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ON FAITH & MEDIA View Comments

We Have a Pope

By
Sr. Rose Pacatte, F.S.P.
Source: AmericanCatholic.org

In Italian director Nanni Moretti’s latest film a pope has died and the cardinals are gathering for the consistory that will elect a new pope. A television newsman tries to interview the cardinals but they ignore him. His anxiety about being the first to announce a new pope mirrors the apprehension that the cardinals feel inside the Sistine Chapel.  At first the votes go toward the “papabili”, that is, those that the odds makers are betting on to be elected. However as no one name emerges, and various cardinals pray they will not be elected, an unknown candidate is elected: Cardinal Manville (Michel Piccoli).

He is stunned and when the secretary of state, Cardinal Gregori (Renato Scarpa) presses him repeatedly, “Do you accept?” Cardinal Manville blurts out “Yes!” But his face tells a different story.
 
Just before the new pope is presented to the faithful in St. Peter’s Square he refuses to greet the people.  Cardinal Gregori doesn’t know what to do; he is torn between presenting the pope and caring for a man obviously in distress. The lay Vatican spokesman (Jerzy Stuhr) begins to strategize about how to make sure the news of the new pope’s ambivalence does not get out.
 
They call in a psychiatrist (Nanni Moretti) who thinks he is “the best there is.”  But Cardinal Gregori will not let him speak to the pope in private and insists that he interview the pope in front of all the cardinals. When this does not work the spokesman accompanies the pope, in lay clothes, to the second best person in Italy to deal with this, a psychoanalyst, the former wife (Margherita Buy) of the psychiatrist.  On his way to the abbreviated motorcade, after meeting with the woman, the pope-in-waiting disappears. He has just admitted to the psychoanalyst that he had really wanted to be an actor when he was young,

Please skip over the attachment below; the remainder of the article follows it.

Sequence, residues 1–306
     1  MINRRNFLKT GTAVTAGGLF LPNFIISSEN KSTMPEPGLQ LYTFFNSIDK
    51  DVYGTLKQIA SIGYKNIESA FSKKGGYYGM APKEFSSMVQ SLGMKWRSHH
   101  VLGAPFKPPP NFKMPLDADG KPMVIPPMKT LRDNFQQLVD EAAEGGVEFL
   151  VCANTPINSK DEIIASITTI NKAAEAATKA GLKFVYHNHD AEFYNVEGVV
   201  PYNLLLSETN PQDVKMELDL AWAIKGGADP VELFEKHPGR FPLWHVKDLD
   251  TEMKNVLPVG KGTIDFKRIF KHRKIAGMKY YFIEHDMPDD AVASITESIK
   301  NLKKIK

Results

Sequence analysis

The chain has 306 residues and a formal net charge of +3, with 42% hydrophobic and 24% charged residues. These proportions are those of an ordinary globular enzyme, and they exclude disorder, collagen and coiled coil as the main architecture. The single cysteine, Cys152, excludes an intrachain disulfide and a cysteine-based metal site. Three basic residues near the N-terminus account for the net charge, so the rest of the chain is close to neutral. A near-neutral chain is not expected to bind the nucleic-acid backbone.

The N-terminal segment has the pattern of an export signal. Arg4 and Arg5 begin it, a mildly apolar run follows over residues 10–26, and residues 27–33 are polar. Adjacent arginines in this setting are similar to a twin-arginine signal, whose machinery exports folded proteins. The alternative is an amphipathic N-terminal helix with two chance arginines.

This gentle man, who believes he has done some good in this world, goes on a journey around Rome where no one knows who he is. He is met with kindness, a man among many people from the world over. He encounters an acting troupe that is performing Chekov’s “The Seagull” and seems to find peace at last.
 
Of course things do not end here.
 
When I interviewed the director/writer/actor Nanni Moretti on the phone this week  I asked him if there was a subtext to his story, perhaps focusing on the human rather than the divine in a papal election. Moretti said that this story is his story, that is, the one he wanted to write, about a man who must reject his being the pope or deny himself as a person. This protagonist in the film had to admit that he is unable to represent all people, not able to accept the papacy and he does not want to. “He prefers to go through his own crisis and face his own fragility rather than be who he is not able to be.”
 
As for the very accessible humanity of most of the cardinals in the film Moretti says, “If they are not human then who is?”
 
I asked Moretti if he was familiar with the life of Pope St. Celestine V (1215-1296) who resigned the papacy, one of the reasons being “the stubbornness of the people”. He replied that he knows the story but he also read about all the recent popes who wrote about how they experienced indecision and questioned their own ability to undertake the responsibility of the papacy.  Moretti said that the story of Cardinal Manville, played to perfection by Michel Piccoli, is his own imagination at work, the story he wanted to tell. This comes out of Moretti’s respect for the cinema that “has the responsibility to create a new reality, not one filled with jealousy, intrigue and plots in stories already told. “